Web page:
The perception that a surgical career makes greater demands on one’s work-life balance than other postgraduate medical careers is another important factor. One recent survey of final year medical students found that the single most important reason for not entering a surgical career was that “it doesn’t fit with lifestyle or family commitments.” 1 This was particularly a problem for female trainees, 85% of whom cited this reason compared with 12% of men. Male trainees were more likely to cite poor anatomy teaching as a reason—74% of men raised this point compared with 57% of women.

There is also the general dissatisfaction with surgical training that is repeatedly shown in the General Medical Council trainee survey. In 2014, surgery once again was at the bottom of the league table of medical and surgical specialties, with 77% satisfaction compared with general practice at 89%, anaesthesia at 86%, and radiology at 84%.2

The decreasing popularity of core surgical training may also reflect the differential satisfaction shown in the 2014 GMC survey between specialty surgical training and core surgical training. Satisfaction in specialty training was relatively high at 86%, falling to 77% in core surgical training, and falling even further to 72% in foundation surgery.2 The findings in the 2015 GMC survey are similar.

Lack of support

This last issue is perhaps a major problem. If trainees have a poor experience in foundation surgical posts, they may well choose not to pursue a surgical career. Surgical F1 posts are different from the surgical house jobs that more senior surgeons may recall. Although the hours were long, the jobs were less intense and there was continuity of patient care, with a coherent firm structure.

Today’s surgical F1 posts are usually part of a shift system, and many trainees feel poorly supported. Trainees are often faced with much ward based and administrative work with few opportunities in theatre and the outpatient clinic. Surgical foundation posts are being removed to increase exposure to primary and community or psychiatric care as part of the Broadening the Foundation initiative.3 If no action is taken, there is a danger that service pressures on the remaining trainees will increase, further reducing educational quality.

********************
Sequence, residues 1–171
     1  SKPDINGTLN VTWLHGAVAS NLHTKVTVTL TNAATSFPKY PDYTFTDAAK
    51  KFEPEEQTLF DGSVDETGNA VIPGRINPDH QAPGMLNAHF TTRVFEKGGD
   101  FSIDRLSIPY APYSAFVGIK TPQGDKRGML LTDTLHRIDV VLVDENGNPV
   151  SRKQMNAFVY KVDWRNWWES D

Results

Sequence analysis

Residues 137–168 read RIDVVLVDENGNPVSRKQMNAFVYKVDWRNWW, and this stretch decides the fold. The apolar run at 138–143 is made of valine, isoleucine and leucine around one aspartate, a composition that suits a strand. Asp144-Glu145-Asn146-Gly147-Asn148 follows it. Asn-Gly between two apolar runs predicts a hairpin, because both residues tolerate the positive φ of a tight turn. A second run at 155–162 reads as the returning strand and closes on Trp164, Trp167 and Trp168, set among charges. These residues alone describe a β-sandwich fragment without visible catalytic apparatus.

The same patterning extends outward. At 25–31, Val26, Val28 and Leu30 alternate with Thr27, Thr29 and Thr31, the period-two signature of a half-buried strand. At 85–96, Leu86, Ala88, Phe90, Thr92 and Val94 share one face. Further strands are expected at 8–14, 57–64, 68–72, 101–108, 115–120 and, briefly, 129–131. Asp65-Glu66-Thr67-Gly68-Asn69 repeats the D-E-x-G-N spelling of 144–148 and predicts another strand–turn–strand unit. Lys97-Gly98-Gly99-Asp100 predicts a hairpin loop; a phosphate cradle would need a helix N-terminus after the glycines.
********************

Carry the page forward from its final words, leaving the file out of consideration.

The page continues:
If these are the problems, what are the solutions?


With the reduction in surgical F1 posts across the UK, we need to develop different models of surgical care, perhaps using physician associates, surgical care practitioners, and advanced clinical practitioners. This has the potential to improve the learning environment for students and trainees by sharing some of the administrative and ward based jobs that form much of the work of a junior doctor. It would require the commitment of higher education institutions and employers to new workforce models, but surgeons will need to ensure that these professionals are valued and supported as an integral part of the surgical team.

The profession needs to dispel the perception that surgery is a male dominated specialty. This is not just about work-life balance, which is also important, but also about dealing with perceptions of the culture and the difficulty of fitting in.

Recruitment into surgical specialties that offer run-through training has maintained 100% fill rates, and it may be that surgery should re-examine this. Run-through training may be attractive because of the security that comes from not having to compete for a job again at ST3, although it does mean that trainees need to decide at an early stage what they want to do.

The profession and colleges should also examine the place of surgery and the surgical sciences, most notably anatomy, in the medical school curriculum. Most importantly, however, trainees need positive role models who will engage and inspire them and dispel myths and stereotypes about sex, personality, and lack of work-life balance. Surgeons everywhere have a responsibility to engage with and support all their surgical trainees but particularly those at foundation level to ensure that surgical training does not become increasingly unpopular.


  • Competing interests: We have read and understood BMJ’s policy on declaration of interests and declare the following interests: HS is a Health Education England employee as a head of school of surgery; DW is a Health Education England employee, as a postgraduate dean; and IE was until 1 January 2015 chair of the Joint Committee for Surgical Training (unpaid).